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Bringing drums and percussion into the electronic world has been problematic in the past for some players. However, Logjam has found a unique way of making it easy and natural sounding at the same time with the Prolog drum pedal.
It looks like a very well-crafted foot pedal, made from sapele, and at the rounded end there is a simple 1/4” output jack. The bottom side has a nice non-slip rubber surface. Simply connect it into a PA/Amp/DAW interface, and the technical aspect is done. Now the fun part start: stomp on it. Naturally placing the ball or tip of the foot along the rounded edge, and tapping on it produces a percussive sound without a percussionist.
What’s inside that rounded end is a little piezo pickup, the same kind used in acoustic guitars. It picks up the vibrations of the impact of tapping and translates it into sound. Now it doesn’t sound like the real thump of an acoustic kick drum, but it gives a similar overall effect. Some EQ might be needed, depending on how much “thump” and “cut” is desired. The user’s shoes, believe it or not might, make a difference; harder soles of boots gave more pronounced hits than a pair of Converse Chucks in our tests.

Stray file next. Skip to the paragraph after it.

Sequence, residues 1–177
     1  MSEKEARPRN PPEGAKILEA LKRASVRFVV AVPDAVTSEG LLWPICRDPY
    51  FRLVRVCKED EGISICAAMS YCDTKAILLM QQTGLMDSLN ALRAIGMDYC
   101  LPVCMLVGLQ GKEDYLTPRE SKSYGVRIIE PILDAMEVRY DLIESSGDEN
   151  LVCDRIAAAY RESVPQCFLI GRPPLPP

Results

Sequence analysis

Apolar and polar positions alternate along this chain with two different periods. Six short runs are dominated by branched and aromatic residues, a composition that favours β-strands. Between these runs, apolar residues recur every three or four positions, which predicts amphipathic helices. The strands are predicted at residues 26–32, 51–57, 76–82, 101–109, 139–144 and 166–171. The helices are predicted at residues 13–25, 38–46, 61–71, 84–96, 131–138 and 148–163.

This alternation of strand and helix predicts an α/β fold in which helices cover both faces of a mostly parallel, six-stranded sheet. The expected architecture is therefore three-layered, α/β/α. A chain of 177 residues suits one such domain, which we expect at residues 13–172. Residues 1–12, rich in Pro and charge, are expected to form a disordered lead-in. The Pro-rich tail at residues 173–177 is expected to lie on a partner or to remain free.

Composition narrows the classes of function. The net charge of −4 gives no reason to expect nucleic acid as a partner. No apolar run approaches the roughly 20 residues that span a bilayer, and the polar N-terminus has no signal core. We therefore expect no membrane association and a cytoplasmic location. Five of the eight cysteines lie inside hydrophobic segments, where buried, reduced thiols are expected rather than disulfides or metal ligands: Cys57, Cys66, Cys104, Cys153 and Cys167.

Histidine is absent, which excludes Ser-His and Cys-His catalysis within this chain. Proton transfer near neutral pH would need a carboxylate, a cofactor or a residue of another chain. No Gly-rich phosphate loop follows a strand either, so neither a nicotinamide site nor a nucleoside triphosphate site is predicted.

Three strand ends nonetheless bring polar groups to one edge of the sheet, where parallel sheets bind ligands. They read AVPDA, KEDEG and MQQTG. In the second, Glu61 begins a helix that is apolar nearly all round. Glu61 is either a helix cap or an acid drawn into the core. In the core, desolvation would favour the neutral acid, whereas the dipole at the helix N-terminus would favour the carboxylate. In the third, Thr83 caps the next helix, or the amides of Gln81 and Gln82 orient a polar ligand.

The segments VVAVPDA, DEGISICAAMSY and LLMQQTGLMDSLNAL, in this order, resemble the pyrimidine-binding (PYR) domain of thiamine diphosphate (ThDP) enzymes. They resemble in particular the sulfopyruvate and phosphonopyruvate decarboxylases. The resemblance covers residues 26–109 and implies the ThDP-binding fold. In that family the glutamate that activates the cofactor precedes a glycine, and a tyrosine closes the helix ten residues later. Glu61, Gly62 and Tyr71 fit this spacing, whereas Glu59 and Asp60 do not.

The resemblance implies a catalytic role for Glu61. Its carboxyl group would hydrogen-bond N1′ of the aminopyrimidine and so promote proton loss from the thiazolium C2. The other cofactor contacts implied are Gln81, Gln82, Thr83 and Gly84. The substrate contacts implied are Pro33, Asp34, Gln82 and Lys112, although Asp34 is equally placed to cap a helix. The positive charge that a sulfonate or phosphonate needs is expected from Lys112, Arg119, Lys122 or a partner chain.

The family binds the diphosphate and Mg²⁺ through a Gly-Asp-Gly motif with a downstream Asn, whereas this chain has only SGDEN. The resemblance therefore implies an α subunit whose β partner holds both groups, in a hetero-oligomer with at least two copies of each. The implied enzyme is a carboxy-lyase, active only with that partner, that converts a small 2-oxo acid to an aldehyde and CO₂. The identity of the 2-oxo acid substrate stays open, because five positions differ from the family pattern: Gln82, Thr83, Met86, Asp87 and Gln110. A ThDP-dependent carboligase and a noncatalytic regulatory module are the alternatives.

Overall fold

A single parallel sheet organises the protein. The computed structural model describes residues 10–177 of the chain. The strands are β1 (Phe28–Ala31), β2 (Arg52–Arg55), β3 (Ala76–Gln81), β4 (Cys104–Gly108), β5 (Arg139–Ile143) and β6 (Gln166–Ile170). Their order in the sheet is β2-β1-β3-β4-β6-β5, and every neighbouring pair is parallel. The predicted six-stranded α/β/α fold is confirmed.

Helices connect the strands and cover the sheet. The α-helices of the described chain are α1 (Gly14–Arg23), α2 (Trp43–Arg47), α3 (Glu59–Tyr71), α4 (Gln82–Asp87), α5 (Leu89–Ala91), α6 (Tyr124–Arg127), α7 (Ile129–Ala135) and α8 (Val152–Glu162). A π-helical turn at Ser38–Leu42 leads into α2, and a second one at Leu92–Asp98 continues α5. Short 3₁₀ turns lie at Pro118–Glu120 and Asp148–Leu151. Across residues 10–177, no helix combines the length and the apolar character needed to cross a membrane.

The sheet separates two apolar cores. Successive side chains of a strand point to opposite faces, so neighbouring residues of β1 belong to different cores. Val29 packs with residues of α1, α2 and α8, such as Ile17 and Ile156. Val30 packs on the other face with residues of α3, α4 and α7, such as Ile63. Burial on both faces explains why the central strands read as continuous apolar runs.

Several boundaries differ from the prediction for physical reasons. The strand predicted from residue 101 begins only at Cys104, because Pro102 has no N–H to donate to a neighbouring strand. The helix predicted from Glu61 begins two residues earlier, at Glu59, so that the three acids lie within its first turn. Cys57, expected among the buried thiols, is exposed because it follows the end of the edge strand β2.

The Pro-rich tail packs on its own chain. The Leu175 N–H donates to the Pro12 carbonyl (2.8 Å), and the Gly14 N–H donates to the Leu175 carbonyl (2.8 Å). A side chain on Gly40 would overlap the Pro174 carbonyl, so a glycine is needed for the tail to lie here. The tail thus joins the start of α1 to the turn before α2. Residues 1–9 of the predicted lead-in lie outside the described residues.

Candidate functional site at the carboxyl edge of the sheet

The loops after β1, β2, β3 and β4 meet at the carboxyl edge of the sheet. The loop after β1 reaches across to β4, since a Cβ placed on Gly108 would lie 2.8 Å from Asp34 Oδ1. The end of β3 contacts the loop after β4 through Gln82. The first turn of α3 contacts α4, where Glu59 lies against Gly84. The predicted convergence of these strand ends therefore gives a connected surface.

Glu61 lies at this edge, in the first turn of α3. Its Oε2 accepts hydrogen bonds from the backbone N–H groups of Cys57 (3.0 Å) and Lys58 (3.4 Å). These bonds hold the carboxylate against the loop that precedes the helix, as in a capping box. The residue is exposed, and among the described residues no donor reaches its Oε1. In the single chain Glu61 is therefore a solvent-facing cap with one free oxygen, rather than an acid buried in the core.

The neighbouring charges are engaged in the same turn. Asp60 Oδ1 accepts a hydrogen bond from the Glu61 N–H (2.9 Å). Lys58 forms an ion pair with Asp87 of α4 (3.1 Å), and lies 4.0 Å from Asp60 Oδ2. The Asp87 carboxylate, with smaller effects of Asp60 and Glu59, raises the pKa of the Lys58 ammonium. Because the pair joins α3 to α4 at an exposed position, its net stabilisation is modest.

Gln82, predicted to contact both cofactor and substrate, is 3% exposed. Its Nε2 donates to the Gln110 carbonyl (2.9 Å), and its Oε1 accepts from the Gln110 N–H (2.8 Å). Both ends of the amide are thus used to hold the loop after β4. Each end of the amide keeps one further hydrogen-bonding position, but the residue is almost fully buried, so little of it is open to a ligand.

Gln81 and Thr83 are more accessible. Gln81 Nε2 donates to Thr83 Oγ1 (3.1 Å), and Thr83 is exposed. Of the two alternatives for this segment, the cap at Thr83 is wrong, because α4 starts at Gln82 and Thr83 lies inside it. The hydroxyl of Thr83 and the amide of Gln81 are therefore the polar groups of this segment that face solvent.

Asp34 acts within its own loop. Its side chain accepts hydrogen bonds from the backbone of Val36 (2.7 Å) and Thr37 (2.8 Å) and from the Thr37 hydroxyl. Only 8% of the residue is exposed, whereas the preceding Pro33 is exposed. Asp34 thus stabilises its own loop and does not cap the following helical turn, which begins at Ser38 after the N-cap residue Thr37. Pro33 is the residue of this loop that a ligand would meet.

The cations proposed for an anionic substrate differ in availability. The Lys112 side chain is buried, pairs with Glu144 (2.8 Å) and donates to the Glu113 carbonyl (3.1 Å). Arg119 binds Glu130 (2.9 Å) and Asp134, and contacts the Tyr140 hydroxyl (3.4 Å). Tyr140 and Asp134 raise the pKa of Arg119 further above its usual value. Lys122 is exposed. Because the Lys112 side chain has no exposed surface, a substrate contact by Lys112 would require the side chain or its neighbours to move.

The larger heel plate also picks up vibrations, so using the heel to give the upbeat, and the toe for the down beat, is a great way to get more sounds out of it.
So, who’s this for? Solo guitarist/singer/songwriters might appreciate the Logjam Drum Pedal as it’s an easy way to add percussion to a stripped-down sound without a lot of extra gear of personnel. Drummers might like this as a way to add a more direct bass drum-ish sound, supplementing an existing kit. For the percussionist who’s using a Cajon or other hand drums, this would be an easy way to add more texture to their palette. Even using it plugged into a DAW can add an interesting, non-synthetic level of percussion to an existing drum loop or rhythm track.
It brings of the simplicity of acoustic drums/percussion into some proper amplified situations without the hassles of MIDI triggers/brain units or programming. Logjam does make some other variations on this neat little device, and a creative percussionist could easily make one or more of these a great way to go electric, without feeling like a cyborg.